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Droplet formation in a cross-junction microfluidic channel with non-Newtonian dispersed phase
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1  Department of Mechanical, Aerospace and Civil Engineering, The University of Manchester, Manchester M13 9PL, UK


Microfluidics enables generating series of isolated droplets for high-throughput screening. As many biological/chemical solutions are of shear thinning non-Newtonian nature [1,2], we studied non-Newtonian droplet generation to improve the reliability of simulation results in real-life assays. We considered non-Newtonian power-law behaviour for Xanthan gum aqueous solution as the dispersed phase, and Newtonian canola oil as the continuous phase. Simulations were performed in OpenFOAM, using the interFoam solver and volume of fluid (VOF) method [3].

A cross-junction geometry with each inlet and outlet channel height (H) and width (W) equal to 50 micrometers with slight contractions in the conjunctions was used to gain a better monodispersity. Following validation of the numerical setup, we conducted a series of tests to provide novel insight into this configuration.

With Capillary number, of 0.01, dispersed phase to continuous phase flow-rate ratio of 0.05, and contact angle of 160˚, simulations revealed that by increasing the Xanthan gum concentration (0, 800, 1500, 2500 ppm) or in other words, decreasing the n -flow behaviour index- from 1 to 0.491, 0.389, and 0.302 in power-law model [4] : (a) breakup of the dispersed phase thread occurred at 0.0365, 0.0430, 0.0440, 0.0450 s; (b) the dimensionless width of the thread at the main channel entrance increased from 0 to 0.066, 0.096, 0.16; and (c) the dimensionless droplet diameter decreased from 0.76 to 0.72, 0.68, 0.67, respectively. Our next plan is to study effect of shear-thinning behaviour on droplet generation in different Ca and flow-rate ratios.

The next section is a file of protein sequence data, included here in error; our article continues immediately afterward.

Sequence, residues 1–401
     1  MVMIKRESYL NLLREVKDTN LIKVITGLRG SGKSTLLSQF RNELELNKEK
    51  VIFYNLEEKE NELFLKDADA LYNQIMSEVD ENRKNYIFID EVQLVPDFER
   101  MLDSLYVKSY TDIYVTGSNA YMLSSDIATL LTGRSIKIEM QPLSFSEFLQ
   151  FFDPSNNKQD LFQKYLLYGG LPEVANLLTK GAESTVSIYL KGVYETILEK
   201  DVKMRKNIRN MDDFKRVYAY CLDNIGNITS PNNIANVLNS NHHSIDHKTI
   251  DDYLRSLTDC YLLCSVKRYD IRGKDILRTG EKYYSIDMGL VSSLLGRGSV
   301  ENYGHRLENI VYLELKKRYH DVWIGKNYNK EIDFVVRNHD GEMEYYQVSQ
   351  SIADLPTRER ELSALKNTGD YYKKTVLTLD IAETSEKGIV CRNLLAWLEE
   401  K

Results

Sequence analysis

1. Eun, Y.; Utada, A.S.; Copeland, M.F.; Takeuchi, S.; Weibel, D.B. Encapsulating Bacteria in Agarose Microparticles Using Microfluidics for High-Throughput Cell Analysis and Isolation. ACS Chem. Biol. 2011, 6, 260–266, doi:10.1021/cb100336p.
  2. Khater, A.; Khater, A.; Abdelrehim, O.; Mohammadi, M.; Mohammadi, M.; Mohammadi, M.; Azarmanesh, M.; Azarmanesh, M.; Janmaleki, M.; Salahandish, R.; et al. Picoliter agar droplet breakup in microfluidics meets microbiology application: Numerical and experimental approaches. Lab Chip 2020, 20, 2175–2187, doi:10.1039/d0lc00300j.
  3. Chen, Q.; Li, J.; Song, Y.; Christopher, D.M.; Li, X. Modeling of Newtonian droplet formation in power-law non-Newtonian fluids in a flow-focusing device. Heat Mass Transf. 2020, 56, 2711–2723, doi:10.1007/s00231-020-02899-6.
  4. Taassob, A.; Manshadi, M.K.D.; Bordbar, A.; Kamali, R. Monodisperse non-Newtonian micro-droplet generation in a co-flow device. J. Brazilian Soc. Mech. Sci. Eng. 2017, 39, 2013–2021, doi:10.1007/s40430-016-0699-z.
Keywords: simulation; droplet microfluidics; non-Newtonian fluid; volume of fluid